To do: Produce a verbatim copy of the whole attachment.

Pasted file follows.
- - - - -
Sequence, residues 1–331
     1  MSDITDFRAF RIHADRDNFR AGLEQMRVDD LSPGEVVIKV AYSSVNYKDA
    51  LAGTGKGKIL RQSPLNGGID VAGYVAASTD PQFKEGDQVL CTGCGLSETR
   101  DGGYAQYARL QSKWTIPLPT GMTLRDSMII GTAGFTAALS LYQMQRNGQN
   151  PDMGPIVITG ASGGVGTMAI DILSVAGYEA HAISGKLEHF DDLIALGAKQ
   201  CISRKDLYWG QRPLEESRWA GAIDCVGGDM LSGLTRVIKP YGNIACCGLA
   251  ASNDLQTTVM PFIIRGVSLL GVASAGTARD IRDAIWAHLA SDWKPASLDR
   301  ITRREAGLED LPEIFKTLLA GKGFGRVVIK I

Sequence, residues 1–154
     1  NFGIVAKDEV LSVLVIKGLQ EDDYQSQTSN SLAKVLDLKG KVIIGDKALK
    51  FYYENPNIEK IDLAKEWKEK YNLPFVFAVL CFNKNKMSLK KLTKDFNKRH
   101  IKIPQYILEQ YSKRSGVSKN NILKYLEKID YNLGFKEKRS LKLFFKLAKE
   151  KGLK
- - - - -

Sequence, residues 1–331
     1  MSDITDFRAF RIHADRDNFR AGLEQMRVDD LSPGEVVIKV AYSSVNYKDA
    51  LAGTGKGKIL RQSPLNGGID VAGYVAASTD PQFKEGDQVL CTGCGLSETR
   101  DGGYAQYARL QSKWTIPLPT GMTLRDSMII GTAGFTAALS LYQMQRNGQN
   151  PDMGPIVITG ASGGVGTMAI DILSVAGYEA HAISGKLEHF DDLIALGAKQ
   201  CISRKDLYWG QRPLEESRWA GAIDCVGGDM LSGLTRVIKP YGNIACCGLA
   251  ASNDLQTTVM PFIIRGVSLL GVASAGTARD IRDAIWAHLA SDWKPASLDR
   301  ITRREAGLED LPEIFKTLLA GKGFGRVVIK I

Sequence, residues 1–154
     1  NFGIVAKDEV LSVLVIKGLQ EDDYQSQTSN SLAKVLDLKG KVIIGDKALK
    51  FYYENPNIEK IDLAKEWKEK YNLPFVFAVL CFNKNKMSLK KLTKDFNKRH
   101  IKIPQYILEQ YSKRSGVSKN NILKYLEKID YNLGFKEKRS LKLFFKLAKE
   151  KGLK